So what can we western practitioners of ikebana learn from this?
We can recognize that ikebana was intended to be a prominent feature in the decor of the room where guests were welcomed. It had a special place of honor in the home or during the tea ceremony. It was considered an art form. I think this helps us to understand better how ikebana has developed and the importance it has in its native culture.

Monday, December 10, 2012

Flower arranging with children

 Ikebana International (, the international organization of people who love the floral art form given to the world by Japan, has recently been emphasizing the importance of teaching ikebana to children. Like other art forms that children learn when young--such as painting, working with clay, singing--ikebana can imbue youngsters with appreciation for beauty and for their own creative abilities. They can also learn to really see the world of plants around them, not just their colors but also their sculptural organic forms.

At Thanksgiving, when I visited my son and daughter-in-law and two young granddaughters in California, we did what I hope will continue whenever we're together--make a flower arrangement. In the first photo above, I'm in the garden with my older granddaughter, Skye, age 2 1/2, selecting flowers to cut (Grandma's in charge of wielding the scissors, of course). California weather is conducive to lovely flowers all year, so we had no trouble finding pretty ones that Skye liked even in November. Then we went inside to put the flowers into a container that my son, her daddy, had crafted some years ago. I didn't want to use a kenzan, too sharp for little fingers, nor did I want to use oasis, so I crumpled up a bit of plastic mesh and put it into the container so that we could insert the flowers into it. We also gathered some leaves. Skye actually put the flowers into the container as she wanted, and the second photo shows me trying to insert some leaves that she also wanted but whose stems were too short. We had fun doing the arrangement (actually she did two, as we had flowers left over), she was very proud of them when we finished, and they graced the Thankgiving dinner table. Not ikebana yet, but a beginning pleasure in selecting and arranging plants.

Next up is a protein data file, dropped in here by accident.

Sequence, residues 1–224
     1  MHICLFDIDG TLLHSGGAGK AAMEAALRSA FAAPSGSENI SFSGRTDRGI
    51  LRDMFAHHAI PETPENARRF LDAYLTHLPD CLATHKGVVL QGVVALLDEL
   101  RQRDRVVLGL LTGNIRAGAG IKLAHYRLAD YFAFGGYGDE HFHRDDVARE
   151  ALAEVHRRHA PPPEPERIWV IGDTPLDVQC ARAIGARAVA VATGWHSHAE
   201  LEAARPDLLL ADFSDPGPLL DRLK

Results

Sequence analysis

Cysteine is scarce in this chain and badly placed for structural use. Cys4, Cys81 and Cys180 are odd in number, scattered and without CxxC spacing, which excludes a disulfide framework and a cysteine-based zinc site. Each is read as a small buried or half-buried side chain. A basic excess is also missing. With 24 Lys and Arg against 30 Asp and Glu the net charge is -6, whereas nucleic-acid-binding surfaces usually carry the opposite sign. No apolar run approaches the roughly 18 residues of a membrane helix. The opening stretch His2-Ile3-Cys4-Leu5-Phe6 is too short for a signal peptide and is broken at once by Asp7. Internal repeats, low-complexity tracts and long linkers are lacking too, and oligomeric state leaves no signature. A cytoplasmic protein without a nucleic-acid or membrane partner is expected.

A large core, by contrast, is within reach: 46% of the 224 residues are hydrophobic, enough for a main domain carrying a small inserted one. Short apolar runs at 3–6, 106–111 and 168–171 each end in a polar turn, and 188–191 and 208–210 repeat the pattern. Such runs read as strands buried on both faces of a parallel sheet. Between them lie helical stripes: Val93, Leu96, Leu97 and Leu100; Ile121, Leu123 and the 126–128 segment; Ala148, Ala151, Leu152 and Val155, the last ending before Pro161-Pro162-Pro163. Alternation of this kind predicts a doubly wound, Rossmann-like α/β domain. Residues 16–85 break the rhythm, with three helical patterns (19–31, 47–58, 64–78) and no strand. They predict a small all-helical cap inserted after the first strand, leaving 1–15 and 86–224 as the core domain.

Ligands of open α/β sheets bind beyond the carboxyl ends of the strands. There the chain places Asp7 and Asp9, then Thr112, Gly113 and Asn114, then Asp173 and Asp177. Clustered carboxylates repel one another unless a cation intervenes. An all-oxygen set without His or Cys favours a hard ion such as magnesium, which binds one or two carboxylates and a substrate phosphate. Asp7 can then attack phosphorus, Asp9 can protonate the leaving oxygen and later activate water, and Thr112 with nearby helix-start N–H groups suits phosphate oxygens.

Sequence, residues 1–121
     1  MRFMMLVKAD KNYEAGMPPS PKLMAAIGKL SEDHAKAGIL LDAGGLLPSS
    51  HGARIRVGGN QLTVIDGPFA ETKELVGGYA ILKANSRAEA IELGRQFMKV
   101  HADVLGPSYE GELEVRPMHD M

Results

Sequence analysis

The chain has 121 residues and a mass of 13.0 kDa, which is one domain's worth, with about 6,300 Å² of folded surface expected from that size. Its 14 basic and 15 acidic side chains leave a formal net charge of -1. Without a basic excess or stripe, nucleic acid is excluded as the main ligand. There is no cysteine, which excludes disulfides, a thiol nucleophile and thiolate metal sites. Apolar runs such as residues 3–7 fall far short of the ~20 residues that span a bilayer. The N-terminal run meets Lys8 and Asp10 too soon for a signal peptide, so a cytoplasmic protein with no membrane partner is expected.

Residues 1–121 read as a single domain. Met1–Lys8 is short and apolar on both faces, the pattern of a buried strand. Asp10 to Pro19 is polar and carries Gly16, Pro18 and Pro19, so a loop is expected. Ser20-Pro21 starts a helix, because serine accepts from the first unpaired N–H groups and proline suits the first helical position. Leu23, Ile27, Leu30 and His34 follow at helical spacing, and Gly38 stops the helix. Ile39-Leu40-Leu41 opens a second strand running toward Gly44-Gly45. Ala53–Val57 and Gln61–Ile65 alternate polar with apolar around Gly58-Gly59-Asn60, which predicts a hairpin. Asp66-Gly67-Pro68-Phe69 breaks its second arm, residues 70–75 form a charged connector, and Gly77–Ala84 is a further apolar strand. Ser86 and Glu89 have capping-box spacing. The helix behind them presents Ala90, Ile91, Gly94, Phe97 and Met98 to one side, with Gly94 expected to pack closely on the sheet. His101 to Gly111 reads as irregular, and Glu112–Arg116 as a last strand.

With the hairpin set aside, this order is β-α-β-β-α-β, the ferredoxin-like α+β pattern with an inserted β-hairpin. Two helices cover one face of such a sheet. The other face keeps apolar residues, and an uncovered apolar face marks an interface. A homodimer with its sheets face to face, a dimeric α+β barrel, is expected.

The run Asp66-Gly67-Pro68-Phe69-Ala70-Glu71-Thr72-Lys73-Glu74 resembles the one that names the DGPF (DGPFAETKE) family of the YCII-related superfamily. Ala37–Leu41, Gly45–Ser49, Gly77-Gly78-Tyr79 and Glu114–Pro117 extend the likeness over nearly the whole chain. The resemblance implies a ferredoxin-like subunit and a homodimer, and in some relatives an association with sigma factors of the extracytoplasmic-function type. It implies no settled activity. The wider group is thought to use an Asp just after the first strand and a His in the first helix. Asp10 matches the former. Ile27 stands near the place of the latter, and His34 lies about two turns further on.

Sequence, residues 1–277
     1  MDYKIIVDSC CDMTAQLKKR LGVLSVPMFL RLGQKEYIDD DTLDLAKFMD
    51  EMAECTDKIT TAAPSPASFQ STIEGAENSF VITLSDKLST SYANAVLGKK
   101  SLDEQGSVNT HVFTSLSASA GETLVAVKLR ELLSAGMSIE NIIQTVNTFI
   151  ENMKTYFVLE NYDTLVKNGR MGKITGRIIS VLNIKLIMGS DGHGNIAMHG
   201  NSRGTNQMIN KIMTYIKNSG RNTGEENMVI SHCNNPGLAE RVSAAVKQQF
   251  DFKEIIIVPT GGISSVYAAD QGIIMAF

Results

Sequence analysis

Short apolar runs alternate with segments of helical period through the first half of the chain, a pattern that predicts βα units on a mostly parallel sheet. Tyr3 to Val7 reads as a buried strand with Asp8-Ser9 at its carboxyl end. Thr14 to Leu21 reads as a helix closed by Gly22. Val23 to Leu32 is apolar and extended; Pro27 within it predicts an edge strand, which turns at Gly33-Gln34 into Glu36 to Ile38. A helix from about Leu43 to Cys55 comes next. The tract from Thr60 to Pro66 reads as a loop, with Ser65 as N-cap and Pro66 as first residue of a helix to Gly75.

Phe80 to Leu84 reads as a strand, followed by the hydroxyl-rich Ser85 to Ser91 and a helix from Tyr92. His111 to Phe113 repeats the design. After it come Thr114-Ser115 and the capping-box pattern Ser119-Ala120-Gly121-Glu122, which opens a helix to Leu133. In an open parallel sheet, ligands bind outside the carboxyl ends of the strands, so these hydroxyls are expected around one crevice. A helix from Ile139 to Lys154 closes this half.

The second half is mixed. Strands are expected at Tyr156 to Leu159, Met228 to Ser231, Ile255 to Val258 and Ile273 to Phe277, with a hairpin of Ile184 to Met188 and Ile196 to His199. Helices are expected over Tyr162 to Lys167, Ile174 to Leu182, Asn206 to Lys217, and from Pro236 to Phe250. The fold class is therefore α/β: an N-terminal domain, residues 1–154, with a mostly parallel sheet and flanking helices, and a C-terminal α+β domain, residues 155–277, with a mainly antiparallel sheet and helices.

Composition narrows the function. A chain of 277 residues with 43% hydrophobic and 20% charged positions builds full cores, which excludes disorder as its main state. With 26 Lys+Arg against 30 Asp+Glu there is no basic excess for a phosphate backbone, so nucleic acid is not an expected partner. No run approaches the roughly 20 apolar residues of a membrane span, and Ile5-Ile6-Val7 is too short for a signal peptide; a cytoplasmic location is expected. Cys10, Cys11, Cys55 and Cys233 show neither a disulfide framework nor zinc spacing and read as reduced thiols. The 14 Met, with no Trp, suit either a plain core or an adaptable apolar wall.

The photos are courtesy of Laura and DeLesley Hutchins.

Wednesday, November 14, 2012

A day in Kyoto, beginnings of ikebana

Japan, October 2012. I had a day to spend as I wished in Kyoto. I wanted to see two places important in the beginnings of ikebana and its particular, oldest style known as ikenobo. One of those places was Ginkaku-ji or the Silver Pavilion (pictured below), one of a group of buildings constructed as a retirement home by Yoshimasa, the 8th Ashikaga shogun (1443-1473). How it came to be called the Silver Pavilion when it is not silver at all is another story, but it is important in the history of Japanese culture for several reasons, only one of which I mention here. (I urge you to read Donald Keene's book, Yoshimasa and the Silver Pavilion to learn much more). AshikagaYoshimasa was a complete failure as a shogun, but he had good taste--in buildings, paintings, gardens, and flower arrangements--which greatly influenced the development of Japanese culture.

The Japanese people had always admired and valued the beauty of flowers and other plants and had made floral offerings at Buddhist temples (see previous 11/9 entry on Nikko), but it was not until Yoshimasa's time that flower arranging had come to be considered an art form. Yoshimasa enjoyed several arts, and his palace at Higashiyama (the location of the Silver Pavilion) was decorated with floral displays.

According to Donald Keene, the "oldest surviving account of someone arranging flowers at the court is dated April 20, 1476." It was then apparently called "standing" rather than "arranging" flowers and was probably done in the rikka style, an early form of ikenobo invented by Senkei in 1462.

Friday, November 9, 2012

I haven't written in this blog for a while, and the image above helps to explain why. I took the photo on October 26 at Nikko, a World Heritage Site a few hours away from Tokyo. The building shown is the entrance gate to the Haiden of the Taiyuin-byo Shrine. Surrounding the buildings are tall Japanese cedars. This building is only a single part of a very large grouping of spectacularly adorned shrines and temples set  appropriately in a magnificent mountain forest. I chose this particular structure for this blog entry because of what I saw but could not photograph inside it. A guide who spoke only Japanese took the waiting group inside the Haiden, where we sat on tatami mats and listened to him. Since I couldn't understand what he was saying, I looked around the large room where we seated. On the ceiling above were a multitude of golden dragons. In front of me on the left and right of the guide, probably a Buddhist cleric, were sculpted metal flower arrangements, perhaps bronze. The one to the right appeared to be a lotus arrangement, often seen in Buddhist temples. But to the left was an arrangement that appeared to me to be a rikka design (or at least similar to a rikka), one of the oldest styles of ikebana design. I was pleased to see the large flower arrangement sculptures in such a sublime setting. Ikebana originated hundreds of years ago from floral offerings in Buddhist temples.